The last launch of the space shuttle program is scheduled for June 28th (Atlantis). Following this, America’s role in space can be described as “foggy” at best. There is talk about a trip to Mars, a return to the moon, but nothing definitive. In these troubling economic times a lot of people are basically saying, “Good riddance,” as they view this as a drain of our financial resources which should be re-channeled to social issues at home. This is actually an old argument as there were a lot of people back in the 60’s who were adamantly against the space race for the same reason. What these people never understood, and still do not, was the impact the space race had on our economy and culture.

NASA’s space program did more than just put a man on the moon. It stimulated innovation in technology, created industries, and forced the country to excel in education. Computer technology alone underwent dramatic changes as a result of the space program, thereby creating jobs and fueled the economy. The same was true in the areas of electronics, aerospace engineering, and telecommunications. Food and clothing also benefited from this research and development, not to mention transportation and construction. Consider this, most of the electronic luxuries we enjoy today can be attributed to the space race of the 1960’s, such as computers, cell phones, photography, microwave ovens, television and radio, etc. Would these luxuries have been created without the space program? Maybe, over time, but it was the space race that forced us to respond and accelerate the pace of development. Only after being challenged by President Kennedy were the American people able to focus on a difficult problem which inspired some rather ingenious solutions. This was truly an instance where “Necessity is the mother of invention,” and the beneficiaries of all this were American workers who learned new trades and prospered in new industries resulting from the program. In addition to creating new businesses, it reinvigorated older companies who had become somewhat staid.

In his memorable speech at Rice University in 1962, Kennedy admonished the country, “We choose to go to the moon in this decade, and do the other things, not because they are easy; but because they are hard; because that goal will serve to organize and measure the best of our energies and skills; because that challenge is one that we’re willing to accept; one we are unwilling to postpone, and one we intend to win – and the others, too.”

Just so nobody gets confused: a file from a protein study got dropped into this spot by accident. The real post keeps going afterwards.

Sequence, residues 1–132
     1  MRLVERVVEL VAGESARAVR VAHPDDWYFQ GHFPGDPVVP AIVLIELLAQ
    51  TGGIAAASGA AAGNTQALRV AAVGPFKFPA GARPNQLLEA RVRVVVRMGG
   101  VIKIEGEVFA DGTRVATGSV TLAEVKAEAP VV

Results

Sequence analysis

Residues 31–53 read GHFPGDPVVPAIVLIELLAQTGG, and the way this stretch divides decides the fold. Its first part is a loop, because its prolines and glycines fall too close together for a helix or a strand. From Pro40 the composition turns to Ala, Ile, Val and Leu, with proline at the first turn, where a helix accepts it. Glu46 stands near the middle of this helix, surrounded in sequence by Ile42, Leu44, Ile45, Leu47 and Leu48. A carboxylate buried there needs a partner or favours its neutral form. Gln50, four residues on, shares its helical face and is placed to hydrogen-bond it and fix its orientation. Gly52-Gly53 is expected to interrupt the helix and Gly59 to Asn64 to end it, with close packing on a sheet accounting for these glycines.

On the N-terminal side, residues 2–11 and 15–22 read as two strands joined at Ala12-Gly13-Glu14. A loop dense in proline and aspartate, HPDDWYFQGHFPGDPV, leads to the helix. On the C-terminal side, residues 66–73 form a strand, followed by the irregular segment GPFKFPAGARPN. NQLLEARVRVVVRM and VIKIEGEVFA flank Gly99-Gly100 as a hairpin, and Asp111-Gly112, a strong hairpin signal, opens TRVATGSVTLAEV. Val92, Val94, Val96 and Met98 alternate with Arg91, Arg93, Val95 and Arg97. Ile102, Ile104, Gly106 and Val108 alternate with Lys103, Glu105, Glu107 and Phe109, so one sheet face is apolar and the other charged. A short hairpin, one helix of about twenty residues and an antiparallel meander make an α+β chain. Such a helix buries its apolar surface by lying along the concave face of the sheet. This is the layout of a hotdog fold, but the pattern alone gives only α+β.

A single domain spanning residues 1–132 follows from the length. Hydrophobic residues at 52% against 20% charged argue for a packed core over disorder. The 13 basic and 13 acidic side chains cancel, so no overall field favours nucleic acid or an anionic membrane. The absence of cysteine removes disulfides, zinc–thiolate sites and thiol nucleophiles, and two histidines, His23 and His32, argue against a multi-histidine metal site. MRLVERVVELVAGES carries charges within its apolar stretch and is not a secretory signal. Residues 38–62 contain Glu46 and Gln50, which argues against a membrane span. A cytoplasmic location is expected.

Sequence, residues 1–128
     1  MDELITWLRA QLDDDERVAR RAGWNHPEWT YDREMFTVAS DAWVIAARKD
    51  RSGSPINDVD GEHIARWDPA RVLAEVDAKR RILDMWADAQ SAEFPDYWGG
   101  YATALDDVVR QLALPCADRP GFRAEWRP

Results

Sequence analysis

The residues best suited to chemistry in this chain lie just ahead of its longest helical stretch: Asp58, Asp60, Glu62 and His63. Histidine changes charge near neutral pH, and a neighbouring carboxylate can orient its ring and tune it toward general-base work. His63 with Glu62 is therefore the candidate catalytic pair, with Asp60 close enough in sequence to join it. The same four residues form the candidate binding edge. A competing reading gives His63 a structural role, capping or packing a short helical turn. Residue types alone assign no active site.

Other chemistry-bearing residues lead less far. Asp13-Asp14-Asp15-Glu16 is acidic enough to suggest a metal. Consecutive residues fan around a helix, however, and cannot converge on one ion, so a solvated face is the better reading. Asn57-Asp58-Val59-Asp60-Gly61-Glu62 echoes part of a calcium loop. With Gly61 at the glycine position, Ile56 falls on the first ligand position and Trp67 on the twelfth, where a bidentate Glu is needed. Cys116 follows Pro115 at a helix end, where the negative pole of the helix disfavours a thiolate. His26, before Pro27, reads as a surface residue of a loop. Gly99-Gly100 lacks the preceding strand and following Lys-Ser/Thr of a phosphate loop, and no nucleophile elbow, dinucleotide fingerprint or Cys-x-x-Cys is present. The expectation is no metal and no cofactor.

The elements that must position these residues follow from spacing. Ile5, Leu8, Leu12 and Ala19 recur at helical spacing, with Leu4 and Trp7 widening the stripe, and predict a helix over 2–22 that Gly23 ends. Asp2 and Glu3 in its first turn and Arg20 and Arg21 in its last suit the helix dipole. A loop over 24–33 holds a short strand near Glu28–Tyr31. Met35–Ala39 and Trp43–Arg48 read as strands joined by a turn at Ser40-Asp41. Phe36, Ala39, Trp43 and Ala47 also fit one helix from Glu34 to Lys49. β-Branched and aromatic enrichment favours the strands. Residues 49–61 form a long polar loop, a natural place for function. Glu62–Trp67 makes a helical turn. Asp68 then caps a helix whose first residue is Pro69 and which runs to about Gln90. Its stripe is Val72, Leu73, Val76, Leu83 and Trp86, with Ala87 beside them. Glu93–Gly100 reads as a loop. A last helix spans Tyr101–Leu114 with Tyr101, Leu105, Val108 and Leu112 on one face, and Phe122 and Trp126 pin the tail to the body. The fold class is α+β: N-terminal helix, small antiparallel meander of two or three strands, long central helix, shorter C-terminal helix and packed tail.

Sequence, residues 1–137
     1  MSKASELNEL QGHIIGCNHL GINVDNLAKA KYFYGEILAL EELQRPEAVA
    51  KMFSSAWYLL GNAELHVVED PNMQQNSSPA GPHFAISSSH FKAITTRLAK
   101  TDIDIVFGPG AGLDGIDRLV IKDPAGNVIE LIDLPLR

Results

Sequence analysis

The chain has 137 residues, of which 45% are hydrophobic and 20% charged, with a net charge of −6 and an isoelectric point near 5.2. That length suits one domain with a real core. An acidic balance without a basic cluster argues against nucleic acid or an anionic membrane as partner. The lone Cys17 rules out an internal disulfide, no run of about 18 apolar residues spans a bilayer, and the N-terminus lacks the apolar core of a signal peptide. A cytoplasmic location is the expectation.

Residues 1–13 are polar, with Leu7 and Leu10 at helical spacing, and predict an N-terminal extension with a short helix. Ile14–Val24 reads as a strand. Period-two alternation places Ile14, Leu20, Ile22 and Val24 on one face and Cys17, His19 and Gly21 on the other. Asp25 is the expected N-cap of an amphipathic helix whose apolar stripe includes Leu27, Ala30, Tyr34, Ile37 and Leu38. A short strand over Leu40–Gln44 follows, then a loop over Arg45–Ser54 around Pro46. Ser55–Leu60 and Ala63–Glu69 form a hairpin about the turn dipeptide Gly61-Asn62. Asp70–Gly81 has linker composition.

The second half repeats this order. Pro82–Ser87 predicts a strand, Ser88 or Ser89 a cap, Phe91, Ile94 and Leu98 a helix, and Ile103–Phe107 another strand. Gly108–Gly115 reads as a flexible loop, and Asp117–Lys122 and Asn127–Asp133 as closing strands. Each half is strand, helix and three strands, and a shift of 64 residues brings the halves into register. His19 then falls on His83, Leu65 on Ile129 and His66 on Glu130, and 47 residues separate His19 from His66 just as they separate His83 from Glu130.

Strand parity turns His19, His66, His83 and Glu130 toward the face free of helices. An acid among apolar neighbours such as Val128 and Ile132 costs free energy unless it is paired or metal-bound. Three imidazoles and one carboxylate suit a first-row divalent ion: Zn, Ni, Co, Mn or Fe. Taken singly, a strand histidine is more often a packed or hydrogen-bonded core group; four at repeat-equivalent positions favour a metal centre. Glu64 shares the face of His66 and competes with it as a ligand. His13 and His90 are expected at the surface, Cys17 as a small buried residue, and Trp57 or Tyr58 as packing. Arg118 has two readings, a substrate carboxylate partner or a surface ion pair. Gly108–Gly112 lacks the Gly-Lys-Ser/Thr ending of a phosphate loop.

At the time, many people, including members of his own party, thought the president was crazy for announcing such an ambitious goal, regardless if it was perceived as another front in the Cold War. Some simply misunderstood his message. Basically, he was telling the country we could no longer afford to be complacent. True, we had won World War II and prospered in the 1950’s, but America had fallen into a rut and Kennedy used it to not only challenge the perceived Soviet threat but to stimulate the American economy. Not surprising, it worked, and consequently the 1960’s are remembered as the “Go-Go” years in business.

So here we are nearly 50 long years after the Kennedy speech and the country has once again become complacent in terms of our national goals, be it in space, transportation, energy, below the seas, health or whatever. We are drifting without a compass which is unsettling to a lot of people, including yours truly. We have to become less reactive and more proactive in our affairs, thereby controlling our destiny as opposed to having others dictate our agenda. I’m all in favor of helping others, not so much from handouts, but by leadership and giving the country a clear sense of direction. Americans are not afraid of challenges, all we want is a sense of purpose and a game plan for getting to our destination.

Let’s hope the country can find its way after Atlantis returns from space this summer and is mothballed away in a museum someplace.

Keep the Faith!

Note: All trademarks both marked and unmarked belong to their respective companies.

Tim Bryce is a writer and the Managing Director of M. Bryce & Associates (MBA) of Palm Harbor, Florida and has over 30 years of experience in the management consulting field. He can be reached at [email protected]

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Copyright © 2011 by Tim Bryce. All rights reserved.

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